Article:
There is a LOT of red tape for the plants. They have to get permission for what they plant out on the PTA grounds and when. None of the plant matter is allowed off the grounds. They don’t want any of the plants to cross breed, dilute their genetic material, or develop outside of their native habitat. One of our fellow Master Gardeners shared with me that she had worked in a commercial greenhouse, so it was really interesting for her to be in a greenhouse with a completely different purpose and important mission.

The manager had to very carefully observe these plants. What makes them thrive or fail to thrive? When do they flower and produce seed? How long can they be in the greenhouse environment? What do they need when they’re planted out? What are the dangers out in the big world? They sometimes have to clear some areas to plant their greenhouse babies. And they have to go back out in the field to check on them on some periodic basis. He also talked a bit about the extensive fencing they have that keeps out the ungulates. Well, it’s a military training site, so they have to keep all kinds of things out, like civilians.

I’ll close with some coffee photos from April 7. This year’s fruit looks so much more bountiful than last year’s, and the blossoming season isn’t yet over. Yay!

Two tropical forests, six miles apart: a cloud forest and a dry forest

I’ll start with the bad news … you might already know if you’re on our mailing list. We are already out of coffee. Somehow that point snuck up on us. Orders are bursty — sometimes we get onesie-twosie orders, then we get a lot of orders. That, and the small amount we got during the second dry milling, caught us a bit off guard. We have enough to fulfill our subscriptions, but that is about it. We won’t have coffee until late October/November. That’s our predicament (and most Kona coffee farmers) this year. We have to just roll with it.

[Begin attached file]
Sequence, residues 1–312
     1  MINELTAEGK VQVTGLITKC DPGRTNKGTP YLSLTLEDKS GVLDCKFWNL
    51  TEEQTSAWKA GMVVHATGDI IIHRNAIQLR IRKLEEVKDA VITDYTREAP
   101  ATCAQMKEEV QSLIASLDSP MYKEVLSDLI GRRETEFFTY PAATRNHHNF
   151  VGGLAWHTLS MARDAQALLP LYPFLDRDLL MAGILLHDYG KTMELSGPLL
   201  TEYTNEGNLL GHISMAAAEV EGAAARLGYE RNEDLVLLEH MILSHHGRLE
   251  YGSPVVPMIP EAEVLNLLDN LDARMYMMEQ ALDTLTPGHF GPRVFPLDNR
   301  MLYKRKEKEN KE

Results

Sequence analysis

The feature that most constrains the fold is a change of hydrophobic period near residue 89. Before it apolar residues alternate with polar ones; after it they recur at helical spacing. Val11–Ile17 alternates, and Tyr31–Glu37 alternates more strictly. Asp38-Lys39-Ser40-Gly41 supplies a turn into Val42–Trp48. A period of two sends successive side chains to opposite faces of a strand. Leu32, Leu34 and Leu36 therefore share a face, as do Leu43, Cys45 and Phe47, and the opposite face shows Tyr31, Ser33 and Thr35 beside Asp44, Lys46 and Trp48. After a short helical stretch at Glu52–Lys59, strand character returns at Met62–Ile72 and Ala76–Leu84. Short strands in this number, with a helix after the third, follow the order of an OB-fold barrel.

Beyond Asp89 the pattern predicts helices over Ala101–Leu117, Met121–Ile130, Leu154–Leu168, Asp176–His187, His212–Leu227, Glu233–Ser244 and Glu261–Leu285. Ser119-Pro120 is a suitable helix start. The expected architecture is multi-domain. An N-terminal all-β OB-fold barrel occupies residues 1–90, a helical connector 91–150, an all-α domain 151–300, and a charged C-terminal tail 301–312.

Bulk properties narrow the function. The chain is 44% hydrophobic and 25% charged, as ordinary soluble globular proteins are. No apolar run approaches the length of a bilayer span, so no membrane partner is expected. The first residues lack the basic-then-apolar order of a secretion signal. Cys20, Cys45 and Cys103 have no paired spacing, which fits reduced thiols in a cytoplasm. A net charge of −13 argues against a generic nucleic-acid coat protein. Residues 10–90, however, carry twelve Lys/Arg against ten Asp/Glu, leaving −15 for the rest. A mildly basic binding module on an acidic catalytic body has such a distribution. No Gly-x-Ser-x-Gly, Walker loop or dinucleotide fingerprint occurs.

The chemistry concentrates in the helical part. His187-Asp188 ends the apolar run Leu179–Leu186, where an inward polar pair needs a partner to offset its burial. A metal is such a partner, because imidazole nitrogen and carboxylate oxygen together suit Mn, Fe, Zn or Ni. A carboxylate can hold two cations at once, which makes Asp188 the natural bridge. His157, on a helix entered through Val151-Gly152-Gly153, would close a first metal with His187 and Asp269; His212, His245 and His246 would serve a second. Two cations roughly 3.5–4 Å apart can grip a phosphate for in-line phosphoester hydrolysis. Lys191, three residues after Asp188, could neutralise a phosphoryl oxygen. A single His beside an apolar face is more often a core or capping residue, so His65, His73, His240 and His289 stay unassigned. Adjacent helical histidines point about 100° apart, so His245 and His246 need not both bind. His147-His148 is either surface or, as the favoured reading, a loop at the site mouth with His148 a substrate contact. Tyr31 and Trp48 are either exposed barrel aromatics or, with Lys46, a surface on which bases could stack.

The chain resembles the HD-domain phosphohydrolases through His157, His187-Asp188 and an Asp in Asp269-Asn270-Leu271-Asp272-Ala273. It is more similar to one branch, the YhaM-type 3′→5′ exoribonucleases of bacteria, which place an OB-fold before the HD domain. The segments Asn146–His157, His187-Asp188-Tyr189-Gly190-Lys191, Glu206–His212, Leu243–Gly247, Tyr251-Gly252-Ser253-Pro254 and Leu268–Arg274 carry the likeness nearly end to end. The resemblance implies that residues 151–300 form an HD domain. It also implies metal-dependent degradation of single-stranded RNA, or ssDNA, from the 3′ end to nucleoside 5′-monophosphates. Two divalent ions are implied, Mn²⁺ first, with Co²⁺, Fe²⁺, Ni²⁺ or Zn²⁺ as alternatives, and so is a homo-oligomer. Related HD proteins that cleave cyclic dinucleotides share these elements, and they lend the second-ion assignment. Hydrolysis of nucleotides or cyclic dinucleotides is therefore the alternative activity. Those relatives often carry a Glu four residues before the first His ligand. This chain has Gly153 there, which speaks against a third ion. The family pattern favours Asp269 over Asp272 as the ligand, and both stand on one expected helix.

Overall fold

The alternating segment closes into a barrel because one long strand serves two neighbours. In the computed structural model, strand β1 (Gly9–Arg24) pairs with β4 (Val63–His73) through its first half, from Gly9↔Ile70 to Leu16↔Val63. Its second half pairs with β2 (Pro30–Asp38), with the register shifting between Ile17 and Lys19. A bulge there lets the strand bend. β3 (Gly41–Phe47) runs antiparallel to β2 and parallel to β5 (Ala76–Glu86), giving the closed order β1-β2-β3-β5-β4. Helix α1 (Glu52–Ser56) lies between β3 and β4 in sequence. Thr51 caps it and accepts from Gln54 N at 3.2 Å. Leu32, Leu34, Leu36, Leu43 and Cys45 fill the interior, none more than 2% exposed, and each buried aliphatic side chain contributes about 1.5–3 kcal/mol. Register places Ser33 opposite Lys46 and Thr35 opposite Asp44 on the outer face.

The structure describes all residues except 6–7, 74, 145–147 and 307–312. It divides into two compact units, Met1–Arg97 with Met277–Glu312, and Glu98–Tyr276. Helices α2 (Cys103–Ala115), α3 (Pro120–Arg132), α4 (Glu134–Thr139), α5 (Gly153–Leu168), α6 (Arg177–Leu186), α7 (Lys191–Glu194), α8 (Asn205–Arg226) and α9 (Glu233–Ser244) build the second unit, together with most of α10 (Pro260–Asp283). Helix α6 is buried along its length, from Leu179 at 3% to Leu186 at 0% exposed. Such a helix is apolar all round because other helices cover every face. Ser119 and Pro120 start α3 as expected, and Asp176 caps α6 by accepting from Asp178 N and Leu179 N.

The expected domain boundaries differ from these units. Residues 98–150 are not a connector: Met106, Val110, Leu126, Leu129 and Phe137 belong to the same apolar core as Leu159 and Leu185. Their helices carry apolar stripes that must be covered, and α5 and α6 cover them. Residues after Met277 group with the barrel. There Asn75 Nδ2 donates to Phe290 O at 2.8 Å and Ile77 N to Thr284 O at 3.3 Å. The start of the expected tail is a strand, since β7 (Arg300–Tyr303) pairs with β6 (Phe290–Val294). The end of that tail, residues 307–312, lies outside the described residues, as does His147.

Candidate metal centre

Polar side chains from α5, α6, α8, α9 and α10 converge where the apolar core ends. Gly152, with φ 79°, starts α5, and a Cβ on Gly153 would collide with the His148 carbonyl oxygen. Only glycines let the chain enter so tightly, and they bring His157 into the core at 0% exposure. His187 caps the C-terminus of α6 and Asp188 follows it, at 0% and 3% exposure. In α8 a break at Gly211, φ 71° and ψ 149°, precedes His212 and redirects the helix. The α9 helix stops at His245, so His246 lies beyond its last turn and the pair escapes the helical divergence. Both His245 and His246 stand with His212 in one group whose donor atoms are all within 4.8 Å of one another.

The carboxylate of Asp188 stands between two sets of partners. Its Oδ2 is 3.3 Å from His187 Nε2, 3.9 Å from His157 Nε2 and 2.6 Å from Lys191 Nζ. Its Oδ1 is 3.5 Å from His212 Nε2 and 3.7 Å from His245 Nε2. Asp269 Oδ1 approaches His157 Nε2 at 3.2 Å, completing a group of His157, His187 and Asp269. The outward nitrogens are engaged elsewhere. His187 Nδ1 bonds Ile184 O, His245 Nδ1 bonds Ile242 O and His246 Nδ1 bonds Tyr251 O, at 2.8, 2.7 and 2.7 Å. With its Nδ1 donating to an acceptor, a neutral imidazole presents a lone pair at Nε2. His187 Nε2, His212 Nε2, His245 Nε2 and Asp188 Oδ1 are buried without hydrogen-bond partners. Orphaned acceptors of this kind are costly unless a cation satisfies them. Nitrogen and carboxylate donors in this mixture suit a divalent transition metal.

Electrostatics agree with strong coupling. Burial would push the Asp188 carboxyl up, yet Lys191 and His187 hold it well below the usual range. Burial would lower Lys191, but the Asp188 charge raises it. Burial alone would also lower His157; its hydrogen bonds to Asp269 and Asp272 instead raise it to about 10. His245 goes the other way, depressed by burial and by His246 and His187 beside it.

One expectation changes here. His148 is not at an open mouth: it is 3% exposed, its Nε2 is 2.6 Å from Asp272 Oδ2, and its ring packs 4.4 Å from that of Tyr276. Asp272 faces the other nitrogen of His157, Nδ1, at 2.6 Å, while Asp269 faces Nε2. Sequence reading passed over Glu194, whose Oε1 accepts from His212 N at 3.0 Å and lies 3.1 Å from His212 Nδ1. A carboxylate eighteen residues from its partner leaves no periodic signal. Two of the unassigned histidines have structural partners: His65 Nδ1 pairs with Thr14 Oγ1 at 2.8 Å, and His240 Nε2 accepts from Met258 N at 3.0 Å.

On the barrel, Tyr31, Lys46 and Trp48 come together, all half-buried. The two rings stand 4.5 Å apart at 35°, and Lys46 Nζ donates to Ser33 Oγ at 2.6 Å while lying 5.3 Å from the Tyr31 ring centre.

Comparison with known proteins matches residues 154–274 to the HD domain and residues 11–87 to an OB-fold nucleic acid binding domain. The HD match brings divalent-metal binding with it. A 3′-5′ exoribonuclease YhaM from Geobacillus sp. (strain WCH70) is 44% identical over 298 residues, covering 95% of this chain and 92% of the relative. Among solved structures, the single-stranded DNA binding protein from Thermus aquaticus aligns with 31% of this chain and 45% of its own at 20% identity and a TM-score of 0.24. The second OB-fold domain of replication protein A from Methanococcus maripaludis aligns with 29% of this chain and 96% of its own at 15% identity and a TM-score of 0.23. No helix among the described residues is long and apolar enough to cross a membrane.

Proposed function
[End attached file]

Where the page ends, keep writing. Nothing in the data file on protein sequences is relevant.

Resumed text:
On another note, we had a field trip with our Master Gardener class last week. We went to the Kona Cloud Forest Sanctuary. I think the passion project sanctuary has been reinventing itself as they transition from management by the visionary/founder, Norm Bezona, to his children and grandchildren. Now a 70-acre forest sanctuary, it started with the first purchase of 20 acres, 15 of which was deforested pasture land at the time. They do a nice job explaining why this narrow cloud forest band, approximately 8 miles x 50 miles, is so special, all thanks to the volcano we live on, Hualālai. (The Kona Coffee Belt is a similar size, but lower in elevation).

Apparently Norm says there’s a four letter word that starts with a W. He has an issue with it. It’s not a bad word in my mind, and I use it all the time: weed!! He challenged others in the past to come up with a better (euphemistic) description. It was long and started with “pioneer species” [blah blah]. I asked, “What about autograph trees and African tulips?” He had an answer, but what I recall is he said that autograph trees withstand fire better than other trees and both trees help reduce carbon. And he did briefly mention plants have to be planted in appropriate places and they can be invasive in some environments (i.e., here).

We did about a mile stroll through part of their sanctuary. We started by spraying the soles of our shoes with diluted alcohol to help against the dreaded Rapid ʻŌhiʻa Death. We were lucky the weather was nice. It can often be foggy or rainy up there. It was lovely to be amongst a variety of plants and tall trees and to hear all the birdsong, including the racket of their resident, caged rescued macaws.

Coincidentally, Hubby and I had a tour of Joseph Rock Arboretum lined up for a few days later. It’s only about six miles downhill from the Cloud Forest Sanctuary. This is a 48-acre native Hawaiian dry forest gem tucked away in the heart of Kona, at about 650 feet elevation. Very different than the Cloud Forest. This passion project is at its early stages as opposed to the Cloud Forest Sanctuary at about 40 years. This story map of the Joseph Rock Arboretum is very informative and well done.